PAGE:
BetaBoston

After volunteer efforts, FBI opens Boston Marathon evidence uploading site

FBI

The Federal Bureau of Investigation has implored the public for help gathering information, and volunteer groups have set up sites to make sending files easier. Now the FBI has an upload site of its own, but volunteers are still offering a simple way to get pictures from your computer into the hands of authorities.

During the same conference where the FBI announced information about the bombing suspects, the FBI’s newly launched site is at https://bostonmarathontips.fbi.gov/. Previously, the FBI had asked for the public to email in photos and videos, but users had complained that many files bounced back for being too large or otherwise undeliverable.

Additionally, email has the potential to strip out certain types of meta-data that could prove useful during an investigation.

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“If you have images, video clips, and/or details regarding these incidents, please provide or attach them below,” a note on the FBI’s new upload site read. “We appreciate your support.”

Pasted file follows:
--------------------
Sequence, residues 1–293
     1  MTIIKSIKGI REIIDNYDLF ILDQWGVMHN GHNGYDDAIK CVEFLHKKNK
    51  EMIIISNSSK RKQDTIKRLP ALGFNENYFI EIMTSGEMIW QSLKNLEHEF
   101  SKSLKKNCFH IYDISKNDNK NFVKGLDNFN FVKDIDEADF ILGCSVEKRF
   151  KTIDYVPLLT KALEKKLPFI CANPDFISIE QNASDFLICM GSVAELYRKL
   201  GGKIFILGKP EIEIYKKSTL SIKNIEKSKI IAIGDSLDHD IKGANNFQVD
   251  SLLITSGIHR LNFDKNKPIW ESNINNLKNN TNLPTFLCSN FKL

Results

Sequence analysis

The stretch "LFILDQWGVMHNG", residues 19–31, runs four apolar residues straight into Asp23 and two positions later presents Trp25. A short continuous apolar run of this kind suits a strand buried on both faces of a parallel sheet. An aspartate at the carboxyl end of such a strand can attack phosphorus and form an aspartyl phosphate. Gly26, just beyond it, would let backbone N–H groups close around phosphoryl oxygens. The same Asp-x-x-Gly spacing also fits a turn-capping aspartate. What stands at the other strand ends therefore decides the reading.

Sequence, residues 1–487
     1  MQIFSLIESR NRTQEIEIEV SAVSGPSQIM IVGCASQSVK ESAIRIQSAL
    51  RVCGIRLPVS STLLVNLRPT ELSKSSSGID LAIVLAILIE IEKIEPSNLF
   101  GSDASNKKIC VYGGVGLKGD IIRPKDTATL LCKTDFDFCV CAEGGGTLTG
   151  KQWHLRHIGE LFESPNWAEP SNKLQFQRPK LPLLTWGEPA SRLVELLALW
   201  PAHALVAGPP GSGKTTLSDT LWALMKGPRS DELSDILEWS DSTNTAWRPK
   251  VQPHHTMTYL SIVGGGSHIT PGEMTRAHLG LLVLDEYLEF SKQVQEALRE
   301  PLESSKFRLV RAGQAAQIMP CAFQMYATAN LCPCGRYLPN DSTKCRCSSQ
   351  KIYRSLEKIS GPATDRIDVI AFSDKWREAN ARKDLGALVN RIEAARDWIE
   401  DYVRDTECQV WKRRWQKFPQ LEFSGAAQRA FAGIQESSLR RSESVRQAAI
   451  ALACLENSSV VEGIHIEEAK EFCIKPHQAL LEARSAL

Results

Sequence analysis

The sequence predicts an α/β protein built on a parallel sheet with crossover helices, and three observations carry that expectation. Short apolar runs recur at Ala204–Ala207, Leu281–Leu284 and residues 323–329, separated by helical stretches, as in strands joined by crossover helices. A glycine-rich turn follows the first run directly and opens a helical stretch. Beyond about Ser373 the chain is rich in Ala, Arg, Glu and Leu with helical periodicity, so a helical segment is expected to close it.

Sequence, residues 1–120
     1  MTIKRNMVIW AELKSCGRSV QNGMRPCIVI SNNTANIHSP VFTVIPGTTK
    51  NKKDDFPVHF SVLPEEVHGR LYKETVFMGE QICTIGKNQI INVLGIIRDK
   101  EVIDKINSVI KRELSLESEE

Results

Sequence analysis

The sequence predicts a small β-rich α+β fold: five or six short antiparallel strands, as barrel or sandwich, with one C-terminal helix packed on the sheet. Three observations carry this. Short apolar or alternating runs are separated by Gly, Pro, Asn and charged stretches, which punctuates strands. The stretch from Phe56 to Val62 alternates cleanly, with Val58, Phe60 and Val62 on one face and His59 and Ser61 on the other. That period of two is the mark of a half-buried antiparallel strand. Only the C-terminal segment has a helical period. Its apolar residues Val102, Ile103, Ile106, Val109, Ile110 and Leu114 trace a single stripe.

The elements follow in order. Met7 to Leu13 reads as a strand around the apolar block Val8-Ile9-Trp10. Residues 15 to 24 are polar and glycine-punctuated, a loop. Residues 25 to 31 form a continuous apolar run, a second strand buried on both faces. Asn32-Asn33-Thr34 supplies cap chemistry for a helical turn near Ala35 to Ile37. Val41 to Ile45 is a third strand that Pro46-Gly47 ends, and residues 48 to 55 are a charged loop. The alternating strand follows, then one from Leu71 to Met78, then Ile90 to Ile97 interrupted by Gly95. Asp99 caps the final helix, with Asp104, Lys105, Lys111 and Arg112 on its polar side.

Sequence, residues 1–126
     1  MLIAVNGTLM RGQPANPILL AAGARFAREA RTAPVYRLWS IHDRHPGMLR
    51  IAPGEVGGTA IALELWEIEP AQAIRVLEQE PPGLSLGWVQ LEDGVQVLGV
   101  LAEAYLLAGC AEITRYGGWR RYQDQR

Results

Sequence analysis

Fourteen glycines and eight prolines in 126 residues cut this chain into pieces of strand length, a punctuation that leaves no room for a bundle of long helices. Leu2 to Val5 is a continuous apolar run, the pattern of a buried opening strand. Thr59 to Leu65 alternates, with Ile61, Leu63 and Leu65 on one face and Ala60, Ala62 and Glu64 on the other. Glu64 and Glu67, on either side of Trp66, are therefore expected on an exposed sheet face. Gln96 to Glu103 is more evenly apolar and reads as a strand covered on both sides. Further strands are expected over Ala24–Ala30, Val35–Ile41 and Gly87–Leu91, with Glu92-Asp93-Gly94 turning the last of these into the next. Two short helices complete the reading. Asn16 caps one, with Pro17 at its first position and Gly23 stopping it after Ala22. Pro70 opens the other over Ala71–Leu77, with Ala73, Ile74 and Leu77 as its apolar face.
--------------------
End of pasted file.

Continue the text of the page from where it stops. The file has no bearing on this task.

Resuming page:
Prior to the release of this site, volunteer-createdEvidenceUpload.org had collected hundreds of images of the Boston Marathon both before and after the bombing, making it easy for users to drag and drop bulk uploads that were then forwarded on to the FBI.

The site also works well for uploading files directly from a smartphone.

“The response from the community has been tremendous. We are fortunate enough that there is a wealth of documentary evidence available,” one of the site’s creators, Sean Durkin, wrote to me in an email. “We currently have over 2.3 gigabytes of video and photo data from the immediate vicinity of the marathon finish line.”

Durkin said that his group, made up of entrepreneurs from both Boston and around the country, was working closely with both the FBI and Boston Police Department.

“Our group is entirely non-profit, and neither data nor code from this project will ever be used for commercial purposes, and will likely be licensed under open source terms,” Durkin wrote. “Our intention is to ensure that the knowledge and technology remains preserved for future events, but currently our focus remains squarely on the city of Boston.”

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